Visiting the End of the World

“It’s the end of the world as we know it and I feel fine” – R.E.M.

Ushuaia is a resort town, located at the southernmost tip of South America and is nicknamed “Fin del Mundo” (the “End of the World”).  It is also where we left South America for the 7th continent.

Early the morning of Tuesday, December 13th, Melisa and I joined a number of other travelers for a small breakfast in our hotel at 5am and then boarded the bus to the domestic airport.  As we waited to board the plane, I put on a seasickness patch.  While I am usually fine on boats, I hoped for the best and prepared for the worst.  I had never been on a cruise or any ship overnight and the Drake Passage (the body of water between South America’s Cape Horn and the South Shetland Islands of Antarctica) is known for its rough waters.

captureThe flight to Ushuaia was about 3 hours and when we arrived there we were given a bit of time to explore the town before boarding our ship.  Compared to Buenos Aires, the temperature was chilly (around 50 degrees vs. 85) and served as a clear indication that Ushuaia was the gateway to our Antarctica adventure.  The snow capped Martial Mountains that surrounded the resort town provided a beautiful backdrop, which were reminiscent of the Swiss Alps (or at least how I picture them considering I’ve never been).

The town was quaint and it was clear that it catered to tourists, the streets lined with souvenir shops and places to buy last-minute winter gear for the trip to the white continent.  Melisa and I visited the tourist center to get passport stamps commemorating our trip to the End of the World, then strolled along the streets, popping into shops before settling down for lunch and a local beer (Beagle Pale Ale), which was served in a penguin-shaped carafe.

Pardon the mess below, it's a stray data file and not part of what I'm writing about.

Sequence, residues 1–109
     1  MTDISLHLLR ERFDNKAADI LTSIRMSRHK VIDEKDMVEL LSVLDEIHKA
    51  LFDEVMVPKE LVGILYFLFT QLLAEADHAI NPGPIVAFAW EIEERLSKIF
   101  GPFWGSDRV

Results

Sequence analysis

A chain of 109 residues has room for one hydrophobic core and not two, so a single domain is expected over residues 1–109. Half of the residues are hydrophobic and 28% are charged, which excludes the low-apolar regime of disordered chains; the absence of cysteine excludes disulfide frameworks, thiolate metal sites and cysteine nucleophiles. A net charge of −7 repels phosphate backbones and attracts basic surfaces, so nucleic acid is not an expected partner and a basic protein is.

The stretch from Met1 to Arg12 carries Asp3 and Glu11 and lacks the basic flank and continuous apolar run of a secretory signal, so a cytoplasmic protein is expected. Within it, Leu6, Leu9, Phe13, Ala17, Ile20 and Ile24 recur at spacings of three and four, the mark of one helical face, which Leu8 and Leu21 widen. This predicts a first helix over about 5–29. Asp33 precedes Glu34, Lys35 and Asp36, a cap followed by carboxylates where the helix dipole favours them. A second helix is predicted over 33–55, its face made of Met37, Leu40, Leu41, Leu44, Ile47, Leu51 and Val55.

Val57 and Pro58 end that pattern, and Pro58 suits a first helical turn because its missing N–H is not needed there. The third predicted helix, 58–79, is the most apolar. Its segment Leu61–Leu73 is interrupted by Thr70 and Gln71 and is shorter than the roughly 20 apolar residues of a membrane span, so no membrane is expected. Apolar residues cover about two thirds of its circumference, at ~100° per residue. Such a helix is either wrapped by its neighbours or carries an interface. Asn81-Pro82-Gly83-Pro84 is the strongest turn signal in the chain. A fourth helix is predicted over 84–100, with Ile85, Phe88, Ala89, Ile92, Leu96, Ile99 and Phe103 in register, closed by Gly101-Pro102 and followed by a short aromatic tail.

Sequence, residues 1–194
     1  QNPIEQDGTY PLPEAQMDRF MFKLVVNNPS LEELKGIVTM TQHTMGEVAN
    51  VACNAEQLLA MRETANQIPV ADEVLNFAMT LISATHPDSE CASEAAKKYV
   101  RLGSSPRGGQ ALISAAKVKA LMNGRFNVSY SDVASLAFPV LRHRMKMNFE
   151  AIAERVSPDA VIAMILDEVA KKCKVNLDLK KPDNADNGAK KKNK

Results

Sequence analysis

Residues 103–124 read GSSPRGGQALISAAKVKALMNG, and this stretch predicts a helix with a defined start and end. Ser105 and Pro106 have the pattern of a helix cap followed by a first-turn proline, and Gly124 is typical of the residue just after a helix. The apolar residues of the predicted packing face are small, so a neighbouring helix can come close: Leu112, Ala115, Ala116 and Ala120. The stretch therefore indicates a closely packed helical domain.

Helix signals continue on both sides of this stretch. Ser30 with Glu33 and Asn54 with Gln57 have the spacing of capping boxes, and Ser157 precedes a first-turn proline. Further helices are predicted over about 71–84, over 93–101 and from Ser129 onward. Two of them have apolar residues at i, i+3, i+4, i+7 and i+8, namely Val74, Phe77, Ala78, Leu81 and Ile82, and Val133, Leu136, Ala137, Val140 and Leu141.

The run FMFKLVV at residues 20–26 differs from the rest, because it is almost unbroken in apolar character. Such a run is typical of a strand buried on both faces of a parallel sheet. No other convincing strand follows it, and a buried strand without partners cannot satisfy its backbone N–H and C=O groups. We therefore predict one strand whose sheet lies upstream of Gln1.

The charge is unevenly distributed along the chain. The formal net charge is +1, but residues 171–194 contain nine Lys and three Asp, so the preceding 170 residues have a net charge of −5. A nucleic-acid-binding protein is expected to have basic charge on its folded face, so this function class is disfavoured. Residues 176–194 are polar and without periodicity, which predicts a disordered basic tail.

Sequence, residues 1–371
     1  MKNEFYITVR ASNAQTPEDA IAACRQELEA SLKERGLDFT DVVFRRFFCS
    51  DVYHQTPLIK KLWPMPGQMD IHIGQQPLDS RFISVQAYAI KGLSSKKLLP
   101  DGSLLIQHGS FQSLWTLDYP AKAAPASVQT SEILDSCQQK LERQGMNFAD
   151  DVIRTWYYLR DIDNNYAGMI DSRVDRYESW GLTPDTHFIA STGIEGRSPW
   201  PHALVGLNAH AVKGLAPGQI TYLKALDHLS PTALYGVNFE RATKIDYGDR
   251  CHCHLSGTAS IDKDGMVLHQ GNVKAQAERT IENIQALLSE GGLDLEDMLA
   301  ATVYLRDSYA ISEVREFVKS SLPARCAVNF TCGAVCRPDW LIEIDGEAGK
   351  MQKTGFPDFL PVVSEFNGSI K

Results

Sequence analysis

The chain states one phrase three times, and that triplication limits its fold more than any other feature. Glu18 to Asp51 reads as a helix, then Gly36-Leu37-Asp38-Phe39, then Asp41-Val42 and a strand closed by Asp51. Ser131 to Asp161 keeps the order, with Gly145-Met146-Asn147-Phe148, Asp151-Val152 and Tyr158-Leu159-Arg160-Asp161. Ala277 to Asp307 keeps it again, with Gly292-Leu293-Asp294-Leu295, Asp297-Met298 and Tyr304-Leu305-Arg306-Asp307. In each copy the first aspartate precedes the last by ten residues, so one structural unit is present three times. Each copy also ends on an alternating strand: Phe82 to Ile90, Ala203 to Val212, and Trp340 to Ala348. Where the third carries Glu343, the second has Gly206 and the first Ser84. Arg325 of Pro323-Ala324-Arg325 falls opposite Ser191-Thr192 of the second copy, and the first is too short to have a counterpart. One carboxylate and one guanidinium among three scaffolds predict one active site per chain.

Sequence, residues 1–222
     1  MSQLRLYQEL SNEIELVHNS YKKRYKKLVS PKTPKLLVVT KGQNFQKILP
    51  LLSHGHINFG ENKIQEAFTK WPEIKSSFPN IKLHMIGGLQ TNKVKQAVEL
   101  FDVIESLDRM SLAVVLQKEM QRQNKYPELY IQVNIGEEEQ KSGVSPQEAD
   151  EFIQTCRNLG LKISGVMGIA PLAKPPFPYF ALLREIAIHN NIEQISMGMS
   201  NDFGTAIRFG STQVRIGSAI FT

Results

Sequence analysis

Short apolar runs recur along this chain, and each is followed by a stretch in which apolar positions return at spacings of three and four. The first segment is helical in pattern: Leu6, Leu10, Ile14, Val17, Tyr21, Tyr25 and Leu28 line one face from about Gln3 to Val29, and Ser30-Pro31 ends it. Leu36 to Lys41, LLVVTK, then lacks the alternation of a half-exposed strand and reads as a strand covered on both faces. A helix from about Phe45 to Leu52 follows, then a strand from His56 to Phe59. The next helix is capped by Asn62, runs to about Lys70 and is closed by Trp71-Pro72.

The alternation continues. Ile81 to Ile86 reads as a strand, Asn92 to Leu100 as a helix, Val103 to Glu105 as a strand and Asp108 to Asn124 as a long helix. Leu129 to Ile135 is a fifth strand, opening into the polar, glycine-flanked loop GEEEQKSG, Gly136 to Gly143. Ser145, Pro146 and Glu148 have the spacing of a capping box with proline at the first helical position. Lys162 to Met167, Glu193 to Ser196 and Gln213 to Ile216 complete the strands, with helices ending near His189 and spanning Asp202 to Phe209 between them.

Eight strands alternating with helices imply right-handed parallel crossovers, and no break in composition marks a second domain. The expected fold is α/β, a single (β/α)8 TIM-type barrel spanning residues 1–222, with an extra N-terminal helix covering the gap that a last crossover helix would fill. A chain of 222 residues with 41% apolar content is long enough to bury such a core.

We boarded the Ocean Endeavor around 4:30 that afternoon.  While the expedition vessel is smaller than most cruise ships, housing approximately 200 travelers, 30 expedition staff plus dining, bartending and hotel staff, I had never been on a cruise and the ship seemed quite large to me at first.  We spent the evening checking into our cabin, unpacking, getting fit for our parkas and muck boots, participating in an emergency drill, exploring the ship and having a welcome briefing, during which we were introduced to the Quark expedition team.  The evening’s dinner and the drinks that followed in the Nautilus Lounge gave us the opportunity to meet a number of passengers.  I was pleasantly surprised the wide age range and the number of travelers in their 20s and 30s.

The ship disembarked around 8pm and, with the help of a pilot, began making its way through the Beagle Channel for Antarctica!

 

Our Final Day in Buenos Aires

With only a limited number of days in Buenos Aires, Melisa and I were only able to scratch the surface of what the city has to offer.